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 Posted Tuesday, October 13, 2009 10:40 PM
 SSChasing Mays Group: General Forum Members Last Login: Thursday, December 11, 2014 5:11 AM Points: 654, Visits: 267
 Comments posted to this topic are about the item AND & OR
Post #802511
 Posted Wednesday, October 14, 2009 1:24 AM
 SSC-Addicted Group: General Forum Members Last Login: Friday, July 29, 2016 5:51 AM Points: 472, Visits: 321
 Tricky question especially in the morning Kindest Regards,Damian WideraSQL Server MVP,MCT, MCSE Data Platform, MCSD.NET
Post #802546
 Posted Wednesday, October 14, 2009 2:13 AM
 SSCommitted Group: General Forum Members Last Login: Wednesday, May 27, 2015 3:44 AM Points: 1,865, Visits: 596
 arghh!! I spent a few minutes playing with a spreadsheet to mock up the bitwise AND and OR functions (a happy little diversion) and i missed the data type gotcha!ah well... Life: it twists and turns like a twisty turny thing
Post #802559
 Posted Wednesday, October 14, 2009 2:41 AM
 Ten Centuries Group: General Forum Members Last Login: Saturday, March 5, 2016 7:55 PM Points: 1,354, Visits: 1,300
 I just did the same thing -- missed the bit datatype.120 = 01111000030 = 00011110040 = 00101000120 and 30 = 11000 in binary or 8 + 16 = 2424 or 40 = 11000 or 101000 = 111000 = 8 + 16 + 32 = 56Well, all that work was thrown out the window because of the bit datatype.I'm getting tired of these trick questions. The title of the question says AND & OR and that led me to believe the author is testing our binary skills -- not our visual acuity. We have a list of variables that are all INT except one that's squeezed in the middle. Sheesh.
Post #802568
 Posted Wednesday, October 14, 2009 3:23 AM
 Hall of Fame Group: General Forum Members Last Login: Saturday, June 6, 2015 9:44 PM Points: 3,450, Visits: 4,408
 I am disappointed with the question, too.If I copied the script into SSMS, I would get the right answer. Instead, I took a piece of paper and wrote binary 'ones' and 'zeroes'... and didn't notice the 'bit' trick...
Post #802584
 Posted Wednesday, October 14, 2009 3:24 AM
 Ten Centuries Group: General Forum Members Last Login: Wednesday, November 4, 2015 6:42 AM Points: 1,127, Visits: 605
 I completely agree with this, though I was this time lucky I found the bit this time. But this is not testing for knowledge about the meaning of bitwise comparising, which can be very useful. Ronald HensbergenHelp us, help yourself... Post data so we can read and use it: http://www.sqlservercentral.com/articles/Best+Practices/61537/-------------------------------------------------------------------------2+2=5 for significant large values of 2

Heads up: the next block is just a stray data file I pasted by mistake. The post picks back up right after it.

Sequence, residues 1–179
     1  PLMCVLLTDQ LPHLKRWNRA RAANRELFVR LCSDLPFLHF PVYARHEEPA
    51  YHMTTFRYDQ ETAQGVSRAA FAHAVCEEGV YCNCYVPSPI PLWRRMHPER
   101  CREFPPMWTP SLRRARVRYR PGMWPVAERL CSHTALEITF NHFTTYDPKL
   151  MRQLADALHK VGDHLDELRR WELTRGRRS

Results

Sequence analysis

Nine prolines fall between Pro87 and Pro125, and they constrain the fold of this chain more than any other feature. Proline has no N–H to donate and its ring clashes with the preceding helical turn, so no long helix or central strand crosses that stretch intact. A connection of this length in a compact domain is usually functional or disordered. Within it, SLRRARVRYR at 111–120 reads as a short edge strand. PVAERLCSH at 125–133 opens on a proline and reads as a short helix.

Post #802586
 Posted Wednesday, October 14, 2009 3:36 AM
 Ten Centuries Group: General Forum Members Last Login: Friday, November 4, 2016 5:44 AM Points: 1,129, Visits: 761
 Absolutely ridiculous!What is the point of a trick question on a technical forum?Maybe you could argue that as developers we need to pay attention to the smallest detail, but that's a pretty thin argument when we're coming here to challenge our knowledge, not our powers of observation.A question about AND and OR is good, working out the answer is a pleasant diversion, discovering that it wasn't a question about AND or OR at all but rather an exercise in hiding the word 'bit' amongst a list of 'int's and seeing who noticed... really disappointing, to the point of making me angry!I'm sorry - I know people put effort into making up the questions and they could have a legitimate point that I have no right to complain when I don't submit questions of my own, but this is just annoying.
Post #802599
 Posted Wednesday, October 14, 2009 3:57 AM
 Ten Centuries Group: General Forum Members Last Login: Wednesday, November 4, 2015 6:42 AM Points: 1,127, Visits: 605
 hodgy (10/14/2009)arghh!! I spent a few minutes playing with a spreadsheet to mock up the bitwise AND and OR functions (a happy little diversion) and i missed the data type gotcha!ah well...I hope you know about the Excel functions DEC2BIN and BIN2DEC (from Analysis Toolpak)... Ronald HensbergenHelp us, help yourself... Post data so we can read and use it: http://www.sqlservercentral.com/articles/Best+Practices/61537/-------------------------------------------------------------------------2+2=5 for significant large values of 2
Post #802605
 Posted Wednesday, October 14, 2009 4:28 AM
 Ten Centuries Group: General Forum Members Last Login: Thursday, October 27, 2016 3:28 AM Points: 1,249, Visits: 1,150
 vk-kirov (10/14/2009)I am disappointed with the question, too.If I copied the script into SSMS, I would get the right answer. Instead, I took a piece of paper and wrote binary 'ones' and 'zeroes'... and didn't notice the 'bit' trick...Not only a trick question, but one that is possible to get right by getting the reasoning all wrong...If you don't know that AND and OR operate bitwise on integers, you might assume that it works like Excel's AND() function which treats nonzero values as TRUE and zeroes as FALSE. Then it would return 1 as the value, even if all the variables were declared as INT. So you'd get the right answer, but for the wrong reason - and you'd go away "knowing" something about these operators that "ain't so".
Post #802617
 Posted Wednesday, October 14, 2009 4:54 AM
 Mr or Mrs. 500 Group: General Forum Members Last Login: Thursday, May 15, 2014 8:37 PM Points: 589, Visits: 2,437
 I think that was a nice question because it practices the capacity to get the details: sometimes, I make error (well it does not append that often ) and can look for them for a long time, missing the detail ...
Post #802632

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